Adolescent Literature

#IMWAYR 4.8.19

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Happy Monday everyone! For some reason, I was on a reading kick this week so I read four YA books and one middle-grade book.

The Book Thief by Markus Zusak

Screen Shot 2019-04-07 at 9.15.06 PM.pngThe Book Thief follows a girl named Liesel who is growing up in the mix of WW2 Germany. She finds love for books after the death of her brother and eventually begins stealing them giving her the name “the book thief”. This book was something I was nervous to read because of all the hype around it. I did not want it to fall short for me and it did not. The book is told through the eyes of death which I thought was so cool and unique. This marks off “Read a work of historical fiction” on my bingo card.

The Absolutely True Diary of a Part-Time Indian by Sherman Alexie

Screen Shot 2019-04-07 at 9.01.09 PM.pngThis book follows Junior who is living within his reservation. With this comes him getting bullied for multiple reasons. One day, his teacher tells him to leave the rez and hope for a better life. With that, Junior goes to an all-white school off the rez. As you can imagine, this was a change for Junior. Not only is he surrounded by all new people, but he is also being shamed by some of his fellow Indians for leaving the reservation school. This book blew me away because it had a wonderful writing style that was so easy to get through. It was such a good story that I finished it in one day. This marks off “Read a YA book by a Native American author” on my bingo card.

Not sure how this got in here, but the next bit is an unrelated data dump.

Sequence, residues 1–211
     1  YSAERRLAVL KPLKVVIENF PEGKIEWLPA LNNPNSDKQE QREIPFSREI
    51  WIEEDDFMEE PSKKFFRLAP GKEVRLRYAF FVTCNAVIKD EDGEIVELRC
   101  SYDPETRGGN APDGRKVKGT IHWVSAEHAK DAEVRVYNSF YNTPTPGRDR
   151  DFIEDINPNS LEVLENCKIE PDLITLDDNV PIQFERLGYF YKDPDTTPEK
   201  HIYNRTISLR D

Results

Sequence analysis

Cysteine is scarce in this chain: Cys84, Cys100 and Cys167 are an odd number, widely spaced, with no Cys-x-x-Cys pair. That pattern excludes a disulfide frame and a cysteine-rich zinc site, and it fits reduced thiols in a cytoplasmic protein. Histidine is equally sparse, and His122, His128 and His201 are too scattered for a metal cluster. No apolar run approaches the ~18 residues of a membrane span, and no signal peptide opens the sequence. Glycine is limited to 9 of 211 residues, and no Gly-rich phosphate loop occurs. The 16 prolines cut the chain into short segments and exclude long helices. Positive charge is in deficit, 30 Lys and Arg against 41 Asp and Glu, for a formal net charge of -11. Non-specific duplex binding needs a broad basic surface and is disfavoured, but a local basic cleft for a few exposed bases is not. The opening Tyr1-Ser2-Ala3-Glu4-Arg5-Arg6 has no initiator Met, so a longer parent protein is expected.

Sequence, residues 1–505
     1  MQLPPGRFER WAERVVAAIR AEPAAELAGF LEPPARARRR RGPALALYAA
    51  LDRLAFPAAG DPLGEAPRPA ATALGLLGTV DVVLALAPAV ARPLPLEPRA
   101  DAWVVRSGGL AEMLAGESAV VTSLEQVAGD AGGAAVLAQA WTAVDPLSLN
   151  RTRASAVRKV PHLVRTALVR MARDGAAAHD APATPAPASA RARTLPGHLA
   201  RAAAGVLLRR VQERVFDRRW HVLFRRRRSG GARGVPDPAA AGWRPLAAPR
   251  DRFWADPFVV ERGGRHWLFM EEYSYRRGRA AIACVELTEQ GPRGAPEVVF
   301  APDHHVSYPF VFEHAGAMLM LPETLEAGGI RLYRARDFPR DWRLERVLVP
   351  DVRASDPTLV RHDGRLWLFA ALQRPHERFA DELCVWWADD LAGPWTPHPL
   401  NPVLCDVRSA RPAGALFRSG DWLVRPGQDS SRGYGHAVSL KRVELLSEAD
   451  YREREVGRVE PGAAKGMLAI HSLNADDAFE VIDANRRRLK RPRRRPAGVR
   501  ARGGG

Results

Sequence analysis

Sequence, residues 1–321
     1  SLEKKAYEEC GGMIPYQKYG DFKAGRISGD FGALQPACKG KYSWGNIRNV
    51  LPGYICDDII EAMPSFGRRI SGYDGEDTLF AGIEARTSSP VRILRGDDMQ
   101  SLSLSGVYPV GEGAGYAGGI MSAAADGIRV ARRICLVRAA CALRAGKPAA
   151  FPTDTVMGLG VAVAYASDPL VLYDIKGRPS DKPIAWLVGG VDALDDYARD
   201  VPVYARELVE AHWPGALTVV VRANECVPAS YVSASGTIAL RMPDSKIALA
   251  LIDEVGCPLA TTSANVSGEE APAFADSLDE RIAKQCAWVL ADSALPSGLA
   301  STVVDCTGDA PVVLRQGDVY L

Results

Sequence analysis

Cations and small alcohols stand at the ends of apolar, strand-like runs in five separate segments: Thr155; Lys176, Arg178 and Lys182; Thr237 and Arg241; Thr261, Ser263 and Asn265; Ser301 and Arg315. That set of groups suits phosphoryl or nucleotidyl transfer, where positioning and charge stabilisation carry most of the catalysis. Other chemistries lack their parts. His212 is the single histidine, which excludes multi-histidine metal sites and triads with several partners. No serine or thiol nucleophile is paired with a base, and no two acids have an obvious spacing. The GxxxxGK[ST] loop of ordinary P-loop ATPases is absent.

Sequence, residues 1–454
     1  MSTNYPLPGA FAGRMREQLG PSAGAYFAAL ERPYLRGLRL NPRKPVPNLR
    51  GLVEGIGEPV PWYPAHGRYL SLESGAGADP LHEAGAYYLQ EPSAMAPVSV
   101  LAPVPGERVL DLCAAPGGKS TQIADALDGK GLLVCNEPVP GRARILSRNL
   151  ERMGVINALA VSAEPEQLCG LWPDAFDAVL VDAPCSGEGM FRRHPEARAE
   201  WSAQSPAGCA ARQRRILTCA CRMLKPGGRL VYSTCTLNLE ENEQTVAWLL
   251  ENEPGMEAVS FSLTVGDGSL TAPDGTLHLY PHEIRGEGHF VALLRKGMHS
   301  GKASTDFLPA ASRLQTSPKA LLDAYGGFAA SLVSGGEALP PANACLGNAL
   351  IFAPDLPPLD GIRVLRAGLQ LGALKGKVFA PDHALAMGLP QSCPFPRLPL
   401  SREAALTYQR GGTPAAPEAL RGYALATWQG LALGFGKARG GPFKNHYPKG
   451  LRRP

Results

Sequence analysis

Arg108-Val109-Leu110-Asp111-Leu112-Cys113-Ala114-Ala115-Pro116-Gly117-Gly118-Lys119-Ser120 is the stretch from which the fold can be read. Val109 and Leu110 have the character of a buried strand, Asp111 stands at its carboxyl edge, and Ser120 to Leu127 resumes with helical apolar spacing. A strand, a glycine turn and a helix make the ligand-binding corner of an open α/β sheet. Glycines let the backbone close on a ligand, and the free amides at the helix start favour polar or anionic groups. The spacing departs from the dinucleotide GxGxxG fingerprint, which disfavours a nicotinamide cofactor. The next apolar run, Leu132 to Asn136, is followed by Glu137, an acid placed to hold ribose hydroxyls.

Forgive Me, Leonard Peacock by Matthew Quick

Screen Shot 2019-04-07 at 9.02.21 PM.pngThis book follows Leonard Peacock who is planning on having the “best” birthday ever…by killing his ex-best friend and himself. I do not want to spoil too many things because I loved this book so much but there is a lot of sensitive topics that are addressed in this book so keep that in mind if you want to pick this up! The unique thing about this book is it has footnotes at the bottom of a lot of the pages that are more facts about what exactly is going on. I would highly recommend reading them along with the book but I also do not think they are required as part of the story.

The Hate U Give by Angie Thomas

Screen Shot 2019-04-07 at 9.15.26 PM.pngI finally got to read this book! The Hate U Give follows Starr whose whole world is turned upside down because of her friend getting shot by a white police officer after doing nothing wrong. The rest of the story follows Starr through the grieving process and the media attention that the case is getting. I did not expect there to be an actual case in court but I am glad that it was included. I am very pleased with this book. Although I did not enjoy parts of the book, I feel like they were very realistic. It is refreshing to see a book that covers some relevant issues about police brutality so I would recommend this book. This marks off “Read a finalist for the Morris Award” on my bingo card.

The Indian in the Cupboard by Lynne Reid Banks

Screen Shot 2019-04-07 at 9.15.55 PM.pngThe Indian in the Cupboard is about a young boy who has the power to bring his toys to life by his magic cupboard. This is a pretty well-known book and for me, it was a reread and I hardly remembered anything about it. It was really fun to reread something and not remember the small events that make it enjoyable. Overall, it was a nice break from YA and I understand why this book is still talked about today.


Those are all the books I read for this past week. On my bingo card, I only have two squares left so I am hoping to get them crossed off before next Monday! Have a great week!